Edit: Golfed the assignment of v using map for four bytes. Credit to CarpetPython, as I got the idea from their answer here.

Edit: Turned the middle "for loop inside a for loop", into just one for loop for six bytes.

Edit: Now using enumerate. No longer using l=len(z). Turned the ternary if-else into a list ternary. See below for details.

Edit: Sp3000 suggested an edit to print and an edit to the ternary condition that saved a byte each.

Edit: +6 bytes fixing a bug where the code did not follow rule 7. +8 more bytes in continuing to fix this bug. O bytes from more bug fixes.

Ungolfed:

s = input()
z = s.split()
v = max(map(len, z))                # the amount of digits of the largest number
d = ''.join(i.zfill(v) for i in z)  # pad zeroes until every number is the same length
# then join the numbers into one string
x = ['']*len(z)                     # a list of strings for the output, one for each number

for k,c in enumerate(d):          # for every digit in every number
i,j = divmod(k, v)            # i is the index of the number we're on
# j is the index of the digit of the number we're on
m = int(max(d[j::v]))         # the largest of all the digits in the j-th place
c = int(c)                    # the digit in j-th place of the i-th number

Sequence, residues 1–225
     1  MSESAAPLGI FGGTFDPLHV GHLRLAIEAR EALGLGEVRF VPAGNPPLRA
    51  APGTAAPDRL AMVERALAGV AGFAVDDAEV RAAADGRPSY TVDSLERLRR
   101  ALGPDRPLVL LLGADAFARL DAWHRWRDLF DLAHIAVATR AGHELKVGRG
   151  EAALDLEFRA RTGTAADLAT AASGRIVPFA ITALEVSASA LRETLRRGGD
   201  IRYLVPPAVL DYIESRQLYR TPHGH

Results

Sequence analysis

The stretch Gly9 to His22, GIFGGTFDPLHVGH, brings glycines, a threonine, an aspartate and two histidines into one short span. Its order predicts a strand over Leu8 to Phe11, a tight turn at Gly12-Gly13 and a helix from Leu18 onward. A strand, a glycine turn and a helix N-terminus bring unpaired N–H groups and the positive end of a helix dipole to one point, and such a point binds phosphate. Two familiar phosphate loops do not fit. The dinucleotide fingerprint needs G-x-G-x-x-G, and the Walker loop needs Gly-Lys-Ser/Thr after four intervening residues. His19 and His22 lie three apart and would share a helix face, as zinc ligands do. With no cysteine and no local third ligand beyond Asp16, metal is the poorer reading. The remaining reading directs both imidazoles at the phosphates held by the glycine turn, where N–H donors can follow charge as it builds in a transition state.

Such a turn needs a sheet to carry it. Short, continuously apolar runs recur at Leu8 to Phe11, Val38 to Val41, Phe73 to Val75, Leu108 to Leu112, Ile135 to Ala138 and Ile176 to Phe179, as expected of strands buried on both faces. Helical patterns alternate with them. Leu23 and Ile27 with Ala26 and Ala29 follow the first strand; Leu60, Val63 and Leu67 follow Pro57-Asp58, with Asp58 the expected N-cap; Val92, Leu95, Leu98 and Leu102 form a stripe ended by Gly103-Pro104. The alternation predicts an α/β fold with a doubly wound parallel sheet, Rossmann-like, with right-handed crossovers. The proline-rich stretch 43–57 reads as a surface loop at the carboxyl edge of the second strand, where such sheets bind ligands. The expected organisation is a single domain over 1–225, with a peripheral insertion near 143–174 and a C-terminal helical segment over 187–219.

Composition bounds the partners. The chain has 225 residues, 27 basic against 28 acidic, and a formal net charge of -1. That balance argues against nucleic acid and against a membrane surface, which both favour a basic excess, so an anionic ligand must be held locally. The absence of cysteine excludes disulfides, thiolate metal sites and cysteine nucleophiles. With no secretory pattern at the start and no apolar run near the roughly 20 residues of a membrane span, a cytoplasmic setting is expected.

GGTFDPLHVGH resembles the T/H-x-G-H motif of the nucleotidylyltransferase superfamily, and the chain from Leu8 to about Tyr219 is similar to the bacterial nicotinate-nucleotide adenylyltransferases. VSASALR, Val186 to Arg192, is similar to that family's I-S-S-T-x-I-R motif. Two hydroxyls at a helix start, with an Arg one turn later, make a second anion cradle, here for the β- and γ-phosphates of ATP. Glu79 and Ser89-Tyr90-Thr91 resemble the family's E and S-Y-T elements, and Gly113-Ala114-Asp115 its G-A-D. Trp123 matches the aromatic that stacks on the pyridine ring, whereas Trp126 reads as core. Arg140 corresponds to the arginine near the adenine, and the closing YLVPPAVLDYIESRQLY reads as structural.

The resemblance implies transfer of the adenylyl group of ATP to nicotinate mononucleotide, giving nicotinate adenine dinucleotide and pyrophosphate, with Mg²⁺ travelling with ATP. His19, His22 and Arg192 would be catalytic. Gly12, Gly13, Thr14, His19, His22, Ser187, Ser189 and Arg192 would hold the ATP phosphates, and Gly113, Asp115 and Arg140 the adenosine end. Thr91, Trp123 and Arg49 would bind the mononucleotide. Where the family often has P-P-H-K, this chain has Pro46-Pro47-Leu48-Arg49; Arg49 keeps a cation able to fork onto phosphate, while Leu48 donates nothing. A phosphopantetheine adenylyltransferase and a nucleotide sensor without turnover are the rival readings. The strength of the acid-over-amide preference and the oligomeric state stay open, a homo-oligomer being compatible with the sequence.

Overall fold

x[i] += "|"*(m-c+(j>0)+0**(m+(2>v)*(j>v-2)))
# pad | to size m-c, until the knots are correctly spaced
# add a | if all inputs are single-digit numbers
# add a | if j>0, if it's not at the start, as delimiters
# add a | if the maximum is 0 and it's *NOT* the ones digit
x[i] += ":8."[(c<2)|-(j<v-1)] * c
# this is essentially the following code
# if j<v-1:
#     x[i] += "."*c      # . knots if not in the units place
# else:
#     if c == 1:
#         x[i] += "8"*c  # 8 knots for ones in the units place
#     else:
#         x[i] += ":"*c  # : knots for something else is in the units place

for r in zip(*x):       # transpose so all the rows (the quipu strings) now hang down
print(*r, sep='')    # join the strings together at each knot
# and print each on a separate line

• Is there anything specific to Python 3 here? If not, converting it to Python 2 could save quite a few bytes – Cyoce Dec 26 '15 at 7:32
• @Cyoce Nothing too Python 3 specific. I just started in Python 3 because that's the version I have. I'll test a Python 2 version on ideone or something. – Sherlock9 Dec 26 '15 at 7:43
• @Maltysen That doesn't work with an inputs that start with 0, such as 0 12 4. – Sherlock9 Dec 26 '15 at 8:31
• You can save some bytes by alternating tabs and spaces for indentation in Python 2. I believe 1 tab character == 8 spaces according to python's indentation parser – Cyoce Dec 26 '15 at 20:14
• for r in zip(*x):print(''.join(r)) -> print(''.join(r)for r in zip(*x)) – Leaky Nun May 9 '16 at 10:53

# C, 238 235 bytes

Relying heavily on the C preprocessor to make the code as short as possible. As a side effect, also makes it pretty much unreadable.

#define l strlen(a[i])
#define d l<k||a[i][l-k]-48
#define m(e) for(i=1;a[i];e<=r?i++:r++);
#define p(e) {m(!putchar(e?'|':k>1?46:d<2?56:58))puts("");}
k,r;main(int i,char**a){m(l)for(k=r,r=1;k;r=k>1){m(d)for(;r;r--)p(d<r)if(--k)p(1)}}


On Ubuntu 14.04, you can compile the code with a straightforward gcc quipu.c (please ignore the warnings). An example of running the executable:

\$ ./a.out 1 2 3 2 1
||:||
|:::|
8:::8


Tested against all OP's test cases.

Ungolfed source code: